According to the report, the COVID-19 pandemic is expected to drag down 2021’s growth prospects. The labor shortage caused by the lockdown in the Mekong Delta will disrupt agriculture supply chains. Agriculture exports may also suffer from the monsoon in the third and fourth quarters and the quarantine measures imposed on Vietnam's agriculture exports.
On the bright side, improved market access from free trade agreements and recoveries in the European Union, the People's Republic of China, and the United States will boost agricultural exports. Agriculture growth is expected at 2.7% in 2021, the same level as in 2020.
Extended lockdowns in major cities will continue to disrupt the supply of labour, hurting especially labor-intensive manufacturing and lowering output. The purchasing managers’ index hovered below 50 from June to August, signaling a deceleration in manufacturing. As a result, industry growth is forecast to slow to 5.0% in 2021 from the pre-pandemic level of 8.9% in 2019.
The increasing need for nonphysical transactions and health care will sustain the growth of financial and health services. But closures of tourist areas and limited mobility will continue to hit tourism, lowering growth in the services sector to a forecast 3.3% this year from of 7.3% in 2019.
A prolonged pandemic and an extended lockdown are expected to weaken consumption and investment in 2021. The labor shortage, slow land acquisition and resettlement procedures, increasing costs of construction materials, and the third and fourth quarter monsoon will slow the disbursement of public investment. The disbursement of the state budget in the first 8 months fell by 46.4% compared with the same period last year.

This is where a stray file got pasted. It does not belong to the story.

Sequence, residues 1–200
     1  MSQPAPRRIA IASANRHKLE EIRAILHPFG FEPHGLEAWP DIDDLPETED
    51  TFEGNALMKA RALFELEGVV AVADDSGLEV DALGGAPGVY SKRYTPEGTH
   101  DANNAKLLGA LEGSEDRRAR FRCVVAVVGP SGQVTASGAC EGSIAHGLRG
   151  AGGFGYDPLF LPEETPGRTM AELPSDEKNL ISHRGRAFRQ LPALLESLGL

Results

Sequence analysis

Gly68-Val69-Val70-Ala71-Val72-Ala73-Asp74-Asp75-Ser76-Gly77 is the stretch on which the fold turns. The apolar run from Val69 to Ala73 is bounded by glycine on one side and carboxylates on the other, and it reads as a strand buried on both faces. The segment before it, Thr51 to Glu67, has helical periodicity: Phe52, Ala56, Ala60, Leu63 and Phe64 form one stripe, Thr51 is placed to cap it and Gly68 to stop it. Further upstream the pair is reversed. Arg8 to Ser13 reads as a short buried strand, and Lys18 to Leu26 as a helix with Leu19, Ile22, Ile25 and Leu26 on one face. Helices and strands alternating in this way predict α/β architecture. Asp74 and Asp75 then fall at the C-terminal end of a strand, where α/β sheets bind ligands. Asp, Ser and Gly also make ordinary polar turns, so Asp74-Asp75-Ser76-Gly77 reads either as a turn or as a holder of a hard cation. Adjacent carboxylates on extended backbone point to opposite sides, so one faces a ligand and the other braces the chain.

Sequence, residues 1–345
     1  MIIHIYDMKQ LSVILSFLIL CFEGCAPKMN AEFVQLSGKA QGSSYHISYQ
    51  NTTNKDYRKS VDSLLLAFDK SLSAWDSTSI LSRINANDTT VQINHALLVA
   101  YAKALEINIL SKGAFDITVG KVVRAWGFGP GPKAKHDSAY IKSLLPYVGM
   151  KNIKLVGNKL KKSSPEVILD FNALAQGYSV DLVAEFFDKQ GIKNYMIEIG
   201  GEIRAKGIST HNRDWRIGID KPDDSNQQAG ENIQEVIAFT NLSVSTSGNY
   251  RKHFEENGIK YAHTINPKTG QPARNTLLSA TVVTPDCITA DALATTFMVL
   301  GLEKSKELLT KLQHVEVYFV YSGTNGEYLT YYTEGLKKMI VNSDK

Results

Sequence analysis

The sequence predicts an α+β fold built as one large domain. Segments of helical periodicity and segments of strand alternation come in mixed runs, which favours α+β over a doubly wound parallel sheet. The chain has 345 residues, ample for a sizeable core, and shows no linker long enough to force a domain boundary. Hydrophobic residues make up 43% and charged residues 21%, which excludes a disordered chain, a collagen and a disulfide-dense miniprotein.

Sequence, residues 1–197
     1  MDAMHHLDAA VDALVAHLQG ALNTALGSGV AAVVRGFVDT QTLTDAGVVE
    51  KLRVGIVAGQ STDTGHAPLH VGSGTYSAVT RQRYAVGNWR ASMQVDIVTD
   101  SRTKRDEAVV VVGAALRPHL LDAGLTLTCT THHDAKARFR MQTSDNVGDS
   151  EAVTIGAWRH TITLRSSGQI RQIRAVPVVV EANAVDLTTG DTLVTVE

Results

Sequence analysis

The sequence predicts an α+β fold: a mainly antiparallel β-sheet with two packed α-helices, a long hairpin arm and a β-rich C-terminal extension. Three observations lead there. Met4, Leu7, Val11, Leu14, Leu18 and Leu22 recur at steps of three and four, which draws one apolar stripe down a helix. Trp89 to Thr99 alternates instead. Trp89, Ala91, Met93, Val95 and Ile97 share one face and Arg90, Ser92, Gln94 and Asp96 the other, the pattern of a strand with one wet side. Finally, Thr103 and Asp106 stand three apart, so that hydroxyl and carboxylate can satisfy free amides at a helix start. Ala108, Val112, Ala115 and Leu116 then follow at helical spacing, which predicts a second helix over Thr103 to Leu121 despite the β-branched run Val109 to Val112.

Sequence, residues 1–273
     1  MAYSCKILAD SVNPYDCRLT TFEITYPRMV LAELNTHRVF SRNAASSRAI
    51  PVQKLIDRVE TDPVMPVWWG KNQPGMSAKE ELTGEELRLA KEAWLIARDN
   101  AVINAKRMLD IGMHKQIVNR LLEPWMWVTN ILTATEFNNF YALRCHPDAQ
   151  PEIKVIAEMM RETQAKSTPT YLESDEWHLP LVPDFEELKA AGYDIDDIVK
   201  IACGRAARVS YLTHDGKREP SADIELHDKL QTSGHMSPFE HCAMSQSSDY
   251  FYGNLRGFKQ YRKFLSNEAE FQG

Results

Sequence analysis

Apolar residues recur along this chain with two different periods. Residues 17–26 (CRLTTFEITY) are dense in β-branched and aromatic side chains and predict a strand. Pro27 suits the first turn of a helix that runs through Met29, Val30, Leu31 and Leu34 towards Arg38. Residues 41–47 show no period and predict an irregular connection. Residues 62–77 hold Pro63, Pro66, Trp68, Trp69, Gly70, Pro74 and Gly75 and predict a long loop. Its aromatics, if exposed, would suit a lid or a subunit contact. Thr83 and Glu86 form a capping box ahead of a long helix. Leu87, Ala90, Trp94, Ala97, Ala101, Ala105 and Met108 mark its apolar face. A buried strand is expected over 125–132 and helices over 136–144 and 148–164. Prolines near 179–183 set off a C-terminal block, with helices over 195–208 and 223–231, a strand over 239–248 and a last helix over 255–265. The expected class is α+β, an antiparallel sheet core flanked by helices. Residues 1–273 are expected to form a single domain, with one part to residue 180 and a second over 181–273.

Credit demand has remained subdued so far in 2021 due to the pandemic disrupting production and businesses. Credit growth is expected to slow to 10%–11% this year, below the 12% target.
The fast recovery of Vietnam’s main overseas markets, particularly the EU, China, and the US, will support exports, especially for textiles, garments and footwear, electronics, and mobile phones. But the lockdown of major industrial hubs in the Mekong Delta will constrain production capacity, triggering a shift of orders to other countries.
According to the ADB, assuming the COVID-19 pandemic is brought under control by the end of 2021 and full vaccination covers 70% of the population by the second quarter of 2022, the GDP growth forecast for next year is revised to 6.5%, which is still lower than the earlier projection. The inflation rate forecast is also revised down, to 2.8% for 2021, as subdued domestic demand has pushed the rate to its lowest level since 2016. The inflation rate is forecast at 3.5% in 2022 as growth accelerates.
Vietnam’s economic outlook in the near term is challenging, the bank says. The main risk to the outlook is a prolonged COVID-19 outbreak if the vaccination rate does not increase substantially. Because vaccines are not reaching Vietnam fast enough, the government’s efforts to start up domestic COVID-19 vaccine manufacturing in 2021, combined with increased procurement from outside sources, will be crucial for the country to avert a health crisis caused by the pandemic.
The growth prospects for this year and next will also depend on the timely and sufficient provision of necessities, such as food and cash, to those affected by the outbreak. Nonperforming loans could become a risk in 2022. Cutting unnecessary administrative burdens and digitalizing government procedures will be critical for improving the efficiency of pandemic containment measures and to support recovery this year and beyond.